Promise Committee Debuts Car Flags

Promise Committee Debuts Car Flags

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By Camille Hunt The Promise Committee, a student-run organization, was created after last December’s fatal drunk-driving accident, which took the life of senior Kelsey Durkin and devastated the W&L community. As our campus continues to heal from last year’s loss, the Promise Committee has helped the W&L community move forward with a safer and more conscious mindset. The committee was responsible for last year’s Generals Week, which featured events like a 5K race, a speech given by alum Eloise Southard, a concert, and a video presentation. The powerful video, which features friends of Kelsey Durkin and students involved in the accident, details Washington and Lee’s history with drunk driving. It not only brought us to tears, but also brought us to terms with the fact that we, as students, must take action to ensure that this past pattern of drunk driving at W&L doesn’t continue into the future.

As the one-year anniversary of last year’s tragedy approaches, the committee has been working with fraternities and other social organizations directly to improve the sober driving system for off-campus parties. On Saturday, November 15th, a caravan of cars marked with yellow flags made its way to and from the Freshmen Quad and Windfall Hill to provide transportation for that afternoon’s Thanksgiving party. As is customary before any party, students were sent via email a list naming the sober drivers for Saturday’s event complete with each driver’s cell phone number. Students were also informed that they would be able to recognize their sober drivers by the yellow flags on their cars, a new addition to the fraternity driving system thanks to the Promise Committee.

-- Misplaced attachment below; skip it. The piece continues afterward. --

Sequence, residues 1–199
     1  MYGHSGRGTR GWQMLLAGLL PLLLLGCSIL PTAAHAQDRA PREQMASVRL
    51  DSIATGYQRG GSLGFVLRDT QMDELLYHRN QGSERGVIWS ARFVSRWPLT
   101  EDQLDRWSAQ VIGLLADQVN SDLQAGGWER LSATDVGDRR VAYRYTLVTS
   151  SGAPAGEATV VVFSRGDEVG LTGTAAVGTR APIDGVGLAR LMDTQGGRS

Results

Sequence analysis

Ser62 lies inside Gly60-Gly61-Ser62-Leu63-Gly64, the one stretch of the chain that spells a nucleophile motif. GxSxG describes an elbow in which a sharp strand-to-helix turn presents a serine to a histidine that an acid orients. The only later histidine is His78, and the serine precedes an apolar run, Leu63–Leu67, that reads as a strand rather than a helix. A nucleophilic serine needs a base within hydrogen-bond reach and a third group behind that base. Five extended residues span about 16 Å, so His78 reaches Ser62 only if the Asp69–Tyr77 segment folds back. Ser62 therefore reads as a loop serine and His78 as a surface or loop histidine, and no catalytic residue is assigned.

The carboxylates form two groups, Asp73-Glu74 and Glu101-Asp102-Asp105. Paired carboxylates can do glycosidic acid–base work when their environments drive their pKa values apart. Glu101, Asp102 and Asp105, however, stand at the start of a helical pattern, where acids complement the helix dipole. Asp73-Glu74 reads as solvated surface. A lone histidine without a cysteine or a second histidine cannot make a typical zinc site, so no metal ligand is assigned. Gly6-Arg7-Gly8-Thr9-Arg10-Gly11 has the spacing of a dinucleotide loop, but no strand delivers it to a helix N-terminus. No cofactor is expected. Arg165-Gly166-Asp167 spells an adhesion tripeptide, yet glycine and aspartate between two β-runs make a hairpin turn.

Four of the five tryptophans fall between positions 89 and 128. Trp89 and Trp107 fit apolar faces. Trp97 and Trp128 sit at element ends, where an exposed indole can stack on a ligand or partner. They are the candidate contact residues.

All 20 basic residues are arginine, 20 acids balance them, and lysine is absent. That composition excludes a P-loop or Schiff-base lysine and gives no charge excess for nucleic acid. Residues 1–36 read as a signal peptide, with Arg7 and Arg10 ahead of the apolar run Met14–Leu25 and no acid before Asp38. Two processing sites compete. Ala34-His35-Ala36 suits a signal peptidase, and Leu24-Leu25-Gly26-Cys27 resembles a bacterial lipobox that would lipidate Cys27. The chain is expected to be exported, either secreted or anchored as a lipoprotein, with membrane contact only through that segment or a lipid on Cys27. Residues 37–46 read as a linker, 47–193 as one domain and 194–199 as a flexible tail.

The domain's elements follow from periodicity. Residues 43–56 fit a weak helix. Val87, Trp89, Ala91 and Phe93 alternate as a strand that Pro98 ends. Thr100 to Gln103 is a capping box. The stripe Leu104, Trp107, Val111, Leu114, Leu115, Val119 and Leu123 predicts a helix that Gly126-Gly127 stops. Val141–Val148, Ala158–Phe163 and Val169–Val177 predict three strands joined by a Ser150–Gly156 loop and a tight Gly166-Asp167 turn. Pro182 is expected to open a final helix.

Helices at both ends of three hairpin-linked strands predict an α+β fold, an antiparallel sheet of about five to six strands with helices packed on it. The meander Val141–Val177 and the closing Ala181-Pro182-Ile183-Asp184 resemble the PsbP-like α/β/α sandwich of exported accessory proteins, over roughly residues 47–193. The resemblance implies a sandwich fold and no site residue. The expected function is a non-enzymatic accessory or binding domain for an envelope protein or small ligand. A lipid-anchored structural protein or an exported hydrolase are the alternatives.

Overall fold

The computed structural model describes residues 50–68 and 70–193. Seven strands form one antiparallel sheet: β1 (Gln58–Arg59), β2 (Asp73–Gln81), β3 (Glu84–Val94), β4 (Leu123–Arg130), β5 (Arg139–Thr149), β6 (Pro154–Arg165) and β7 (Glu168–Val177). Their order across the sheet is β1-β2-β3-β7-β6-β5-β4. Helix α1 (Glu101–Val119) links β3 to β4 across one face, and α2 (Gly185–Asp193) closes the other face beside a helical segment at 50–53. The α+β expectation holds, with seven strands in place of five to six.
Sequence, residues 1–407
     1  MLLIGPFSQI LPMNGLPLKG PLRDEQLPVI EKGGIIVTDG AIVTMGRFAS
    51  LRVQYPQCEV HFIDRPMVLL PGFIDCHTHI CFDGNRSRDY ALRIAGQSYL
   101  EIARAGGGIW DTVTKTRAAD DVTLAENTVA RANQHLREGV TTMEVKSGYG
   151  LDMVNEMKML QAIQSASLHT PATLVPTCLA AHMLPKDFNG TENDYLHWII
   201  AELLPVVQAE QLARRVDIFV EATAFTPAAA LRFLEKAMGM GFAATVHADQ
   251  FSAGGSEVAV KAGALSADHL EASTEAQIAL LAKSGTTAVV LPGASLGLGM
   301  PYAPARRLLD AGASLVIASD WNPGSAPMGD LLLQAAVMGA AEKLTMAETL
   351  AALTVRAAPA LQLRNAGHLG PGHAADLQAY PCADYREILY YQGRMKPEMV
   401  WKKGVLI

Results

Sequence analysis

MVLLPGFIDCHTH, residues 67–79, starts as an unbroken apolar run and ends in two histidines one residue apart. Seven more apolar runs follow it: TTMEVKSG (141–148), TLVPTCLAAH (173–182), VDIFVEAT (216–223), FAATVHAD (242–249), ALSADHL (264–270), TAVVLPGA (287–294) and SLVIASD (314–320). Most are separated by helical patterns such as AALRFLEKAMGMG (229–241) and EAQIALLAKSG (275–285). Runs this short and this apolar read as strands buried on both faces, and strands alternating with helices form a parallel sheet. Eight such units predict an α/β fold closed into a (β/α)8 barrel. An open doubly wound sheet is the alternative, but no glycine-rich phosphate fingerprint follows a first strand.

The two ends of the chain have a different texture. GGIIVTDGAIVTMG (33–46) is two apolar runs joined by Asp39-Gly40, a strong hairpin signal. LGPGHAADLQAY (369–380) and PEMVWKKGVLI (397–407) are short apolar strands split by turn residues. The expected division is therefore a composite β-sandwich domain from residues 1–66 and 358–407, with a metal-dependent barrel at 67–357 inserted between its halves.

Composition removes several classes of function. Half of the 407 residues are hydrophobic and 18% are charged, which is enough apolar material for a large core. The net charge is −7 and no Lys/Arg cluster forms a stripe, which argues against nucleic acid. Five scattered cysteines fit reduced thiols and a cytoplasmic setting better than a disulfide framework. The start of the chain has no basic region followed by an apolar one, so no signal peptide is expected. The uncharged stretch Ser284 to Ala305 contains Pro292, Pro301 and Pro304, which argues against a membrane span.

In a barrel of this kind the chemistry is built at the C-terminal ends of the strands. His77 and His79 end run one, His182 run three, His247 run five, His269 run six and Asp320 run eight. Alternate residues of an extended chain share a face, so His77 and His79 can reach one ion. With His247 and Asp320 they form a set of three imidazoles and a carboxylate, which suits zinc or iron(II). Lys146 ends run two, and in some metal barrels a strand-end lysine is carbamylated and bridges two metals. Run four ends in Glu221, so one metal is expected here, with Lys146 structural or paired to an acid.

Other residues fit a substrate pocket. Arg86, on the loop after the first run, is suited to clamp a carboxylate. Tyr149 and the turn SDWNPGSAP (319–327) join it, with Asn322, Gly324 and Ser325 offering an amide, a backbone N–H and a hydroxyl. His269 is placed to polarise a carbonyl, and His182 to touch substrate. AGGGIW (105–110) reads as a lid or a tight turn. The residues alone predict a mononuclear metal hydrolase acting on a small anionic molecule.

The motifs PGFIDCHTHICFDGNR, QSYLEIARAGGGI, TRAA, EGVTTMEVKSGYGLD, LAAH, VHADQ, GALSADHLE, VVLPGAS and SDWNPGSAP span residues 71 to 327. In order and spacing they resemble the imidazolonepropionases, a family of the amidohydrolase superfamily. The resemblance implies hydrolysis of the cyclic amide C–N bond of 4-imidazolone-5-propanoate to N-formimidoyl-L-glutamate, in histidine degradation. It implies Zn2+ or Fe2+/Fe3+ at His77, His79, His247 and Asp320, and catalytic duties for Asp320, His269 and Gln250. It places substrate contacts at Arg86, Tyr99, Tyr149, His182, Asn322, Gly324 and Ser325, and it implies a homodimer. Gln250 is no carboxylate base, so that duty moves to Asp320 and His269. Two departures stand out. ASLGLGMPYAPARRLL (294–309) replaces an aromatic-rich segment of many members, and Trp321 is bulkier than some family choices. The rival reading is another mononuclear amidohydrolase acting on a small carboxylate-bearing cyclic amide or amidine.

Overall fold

The purpose of the yellow flags is to clearly mark and make available cars that can safely take students home from a party, which the committee hopes will discourage students from getting into a car driven by anyone other than a guaranteed sober driver. While the Traveller program does an impeccable job of keeping students safe on Wednesday, Friday, and Saturday nights, these yellow flags could make a huge difference on days that Traveller buses don’t run or any time a party is held outside of Traveller’s route. Additionally, though it goes without saying that no designated driver should need cautioning, the yellow flag affixed to any driver’s car will serve as a constant reminder of his or her promise to stay sober.

Though Saturday was somewhat of a trial run for the new yellow flags, it seems they made a good start. Saturday’s sober drivers commented that most students looking for a ride still called the numbers sent via email, but that the yellow flags definitely distinguished their vehicles and ensured that passengers easily found their sober driver. The Executive Committee is working with the Promise Committee to facilitate the distribution of flags to W&L’s social organizations and has gotten confirmation from local police that cars marked with yellow flags will not be targeted. Once the flags have been distributed, recipients are to keep the flags for their next event. Though small, these yellow car flags are slated to make a big difference for students in Lexington. We hope to see this small change go a long way.

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